glvalentine: (circus)
I've sold a book!

Mechanique: A Tale of the Circus Tresaulti is coming from Prime in 2011. It's about a post-apocalyptic steampunk circus, and what happens when a dozen brittle, vicious people are forced to form a makeshift family whether they like it or not. Also, there's war. This is the vaugely-back-cover-copy logline:

The Mechanical Circus Tresaulti travels the landscape of a ruined country under the spectre of war, but when two of its performers become locked in a battle of wills, the circus's own past may be the biggest threat of all.

I am thrilled, and really nervous, but mostly thrilled.


Jul. 25th, 2009 05:47 pm
glvalentine: (Default)
You know what makes me angry every time I think about it? Hannibal. (Not the historical figure, though I'm sure he was probably unpleasant depending on where in the Alps you lived.)

Cut for people who for some ungodly reason will one day read this word-salad novel, and don't want to know what they're getting into. )
glvalentine: (Default)
Good things about this book cover, from someone who is not a designer:

- White space draws the eye!
- Cameo necklace sets time period* for even a casual browser!
- High-contrast red splashes on graphic black and white is visually appealing!
- Typesetting looks dandy, everything well-placed.

Bad things about this book cover:

I'm sorry, Mr. Darcy's a what?

* Sure, it's the WRONG time period, but it's a time period!
glvalentine: (kitty the typewriter girl)
I'll let you know after I'm done flipping through this puppy:

It will make interesting research reading on the plane tomorrow (family bidness), except that all the text is so crowded and microscopic I'll end up passing out from vertigo before I can mark more than one or two things for later. Still, thumbs-up for a lightweight paperback repro that I can shove around without feeling like a book heathen.
glvalentine: (Default)
So, doing research is sometimes more fun than writing.

Behold! An amazing book of etiquette from 1891.

It's just as awesome as you could imagine. As someone who is often at a loss in social situations (damn you, salad fork, why must you look exactly like the dessert fork!), there's something appealing about the idea of a book of manners that everyone is expected to read and follow. Practically, I know this leads to cotillion, so I won't wish it on anyone.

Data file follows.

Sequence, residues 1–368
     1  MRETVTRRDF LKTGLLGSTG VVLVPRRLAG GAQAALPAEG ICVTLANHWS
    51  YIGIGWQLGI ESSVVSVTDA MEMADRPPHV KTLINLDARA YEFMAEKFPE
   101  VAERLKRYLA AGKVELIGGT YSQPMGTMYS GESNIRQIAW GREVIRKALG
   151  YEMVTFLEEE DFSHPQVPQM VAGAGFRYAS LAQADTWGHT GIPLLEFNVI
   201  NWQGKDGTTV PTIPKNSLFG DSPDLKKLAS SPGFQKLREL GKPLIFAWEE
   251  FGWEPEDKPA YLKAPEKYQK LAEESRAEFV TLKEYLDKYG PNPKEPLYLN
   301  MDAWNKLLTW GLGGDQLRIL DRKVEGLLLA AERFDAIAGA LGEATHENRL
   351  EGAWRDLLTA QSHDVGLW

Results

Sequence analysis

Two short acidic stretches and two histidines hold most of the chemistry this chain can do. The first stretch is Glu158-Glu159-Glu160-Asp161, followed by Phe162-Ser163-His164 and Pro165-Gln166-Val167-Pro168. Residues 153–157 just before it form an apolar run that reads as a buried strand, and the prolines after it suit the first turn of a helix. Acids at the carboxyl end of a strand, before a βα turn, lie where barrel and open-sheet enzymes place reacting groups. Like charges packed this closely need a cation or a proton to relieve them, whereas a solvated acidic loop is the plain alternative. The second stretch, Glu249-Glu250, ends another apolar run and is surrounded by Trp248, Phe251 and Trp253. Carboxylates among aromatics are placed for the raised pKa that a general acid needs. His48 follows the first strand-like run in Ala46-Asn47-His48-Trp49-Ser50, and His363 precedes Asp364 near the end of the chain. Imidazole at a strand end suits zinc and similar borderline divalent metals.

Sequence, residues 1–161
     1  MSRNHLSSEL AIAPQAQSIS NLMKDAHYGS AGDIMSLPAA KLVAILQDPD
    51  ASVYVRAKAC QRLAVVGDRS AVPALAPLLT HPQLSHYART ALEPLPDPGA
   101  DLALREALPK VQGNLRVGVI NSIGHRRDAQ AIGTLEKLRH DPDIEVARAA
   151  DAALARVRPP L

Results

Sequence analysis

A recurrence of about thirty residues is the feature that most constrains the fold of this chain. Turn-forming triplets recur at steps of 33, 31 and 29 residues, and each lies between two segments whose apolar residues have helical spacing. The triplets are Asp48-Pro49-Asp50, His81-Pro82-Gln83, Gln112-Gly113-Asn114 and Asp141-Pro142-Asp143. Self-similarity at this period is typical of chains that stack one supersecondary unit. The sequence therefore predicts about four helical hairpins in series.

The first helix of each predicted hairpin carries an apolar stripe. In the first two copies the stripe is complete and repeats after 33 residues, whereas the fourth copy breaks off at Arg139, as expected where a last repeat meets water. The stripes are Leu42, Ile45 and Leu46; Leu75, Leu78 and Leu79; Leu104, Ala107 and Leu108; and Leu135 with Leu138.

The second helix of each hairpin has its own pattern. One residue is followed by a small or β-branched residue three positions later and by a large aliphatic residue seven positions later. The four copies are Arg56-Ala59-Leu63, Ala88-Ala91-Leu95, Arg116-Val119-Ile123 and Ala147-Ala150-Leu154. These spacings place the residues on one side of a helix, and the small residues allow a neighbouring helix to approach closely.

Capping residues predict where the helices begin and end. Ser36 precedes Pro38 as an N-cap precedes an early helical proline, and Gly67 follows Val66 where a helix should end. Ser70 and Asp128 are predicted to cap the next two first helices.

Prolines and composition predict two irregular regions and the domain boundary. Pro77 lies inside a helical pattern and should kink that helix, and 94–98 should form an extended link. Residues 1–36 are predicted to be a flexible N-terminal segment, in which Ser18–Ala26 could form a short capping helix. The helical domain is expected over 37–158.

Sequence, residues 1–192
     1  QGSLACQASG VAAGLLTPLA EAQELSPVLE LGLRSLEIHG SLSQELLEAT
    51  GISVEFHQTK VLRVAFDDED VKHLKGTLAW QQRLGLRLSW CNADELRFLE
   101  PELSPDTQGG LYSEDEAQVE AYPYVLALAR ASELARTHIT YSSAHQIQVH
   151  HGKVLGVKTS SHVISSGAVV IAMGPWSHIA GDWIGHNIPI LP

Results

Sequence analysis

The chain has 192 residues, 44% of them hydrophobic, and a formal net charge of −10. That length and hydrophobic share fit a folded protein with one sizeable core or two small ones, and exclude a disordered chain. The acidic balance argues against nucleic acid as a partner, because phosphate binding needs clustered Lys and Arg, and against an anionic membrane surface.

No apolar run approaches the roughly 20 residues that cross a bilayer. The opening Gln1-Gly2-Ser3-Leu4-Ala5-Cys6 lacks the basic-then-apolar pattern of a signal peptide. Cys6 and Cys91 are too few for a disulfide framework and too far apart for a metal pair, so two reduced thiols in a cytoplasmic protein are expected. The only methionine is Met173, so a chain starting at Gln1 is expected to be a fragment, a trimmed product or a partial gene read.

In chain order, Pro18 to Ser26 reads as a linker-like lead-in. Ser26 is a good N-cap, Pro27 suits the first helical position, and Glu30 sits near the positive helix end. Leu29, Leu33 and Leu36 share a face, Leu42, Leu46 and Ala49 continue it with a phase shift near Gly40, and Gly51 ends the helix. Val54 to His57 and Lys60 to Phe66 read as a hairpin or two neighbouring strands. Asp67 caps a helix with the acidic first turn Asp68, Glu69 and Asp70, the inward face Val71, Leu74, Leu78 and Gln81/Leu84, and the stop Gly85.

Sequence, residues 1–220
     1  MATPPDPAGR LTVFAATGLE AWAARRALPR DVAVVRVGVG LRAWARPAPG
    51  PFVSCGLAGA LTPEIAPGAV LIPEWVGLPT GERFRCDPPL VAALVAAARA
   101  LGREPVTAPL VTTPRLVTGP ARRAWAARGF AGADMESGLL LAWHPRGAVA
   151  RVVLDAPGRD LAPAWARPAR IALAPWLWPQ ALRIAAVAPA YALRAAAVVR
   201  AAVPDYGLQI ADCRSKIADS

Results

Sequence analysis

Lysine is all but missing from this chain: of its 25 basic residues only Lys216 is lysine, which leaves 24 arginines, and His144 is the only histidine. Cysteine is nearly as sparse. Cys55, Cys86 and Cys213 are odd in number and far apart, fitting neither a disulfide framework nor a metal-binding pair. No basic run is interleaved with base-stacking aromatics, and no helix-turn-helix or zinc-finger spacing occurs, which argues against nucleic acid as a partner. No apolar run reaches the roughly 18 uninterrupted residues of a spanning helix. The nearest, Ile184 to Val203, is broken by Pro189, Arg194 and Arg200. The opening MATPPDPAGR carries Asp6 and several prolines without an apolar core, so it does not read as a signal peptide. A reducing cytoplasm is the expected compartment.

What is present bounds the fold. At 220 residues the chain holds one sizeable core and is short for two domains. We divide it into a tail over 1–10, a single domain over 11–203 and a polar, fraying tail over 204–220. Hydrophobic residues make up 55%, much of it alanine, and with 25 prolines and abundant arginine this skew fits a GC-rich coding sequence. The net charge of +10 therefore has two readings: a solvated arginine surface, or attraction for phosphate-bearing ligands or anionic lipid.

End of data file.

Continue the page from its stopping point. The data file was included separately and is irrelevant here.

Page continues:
(Note: everything I know about cotillion I learned from All I Want For Christmas, in which the young Ethan Embry (nee Randall) rescues his crush from a boring cotillion and proceeds to woo her in a diner? I think.)

(Oh, that and I went to a year of middle school in Texas, where girls were already discussing their coming-outs and how hard it would be to curtsey and how they were ALREADY PRACTICING for their curtseys. I was writing X-Files scripts in ProWrite on my dad's computer when everyone was asleep. Just saying, thanks for that year in Catholic school, Mom and Dad!)


Dresses are from 1880, not 1891, but by 1891 everyone looked like a Gibson Girl and it gets all upsetting.

Ladies and gents, if you ever wondered what to do with your calling cards, well, now you'll know! )
glvalentine: (Default)
I'm a book cover nerd*. As such, I find The Book Design Review really awesome.

I also like Henry Sene Yee and David Drummond, for giving us a little behind-the-scenes action, including covers that got shot down (and often the reasons they got shot down, which tend to have very little to do with design and everything to do with marketing).

I don't blame them for all the concern about book covers, though. Good book design covers a multitude of sins. *cough*StephanieMeyer*cough*

Sadly, sci-fi authors don't have quite so proud a history with cover design.

(Fun fact: if you walk up to me and say, "I will never forgive you, Flame-Tiger, for what you did to my family!", I will laugh out loud. This has been true since 2007.)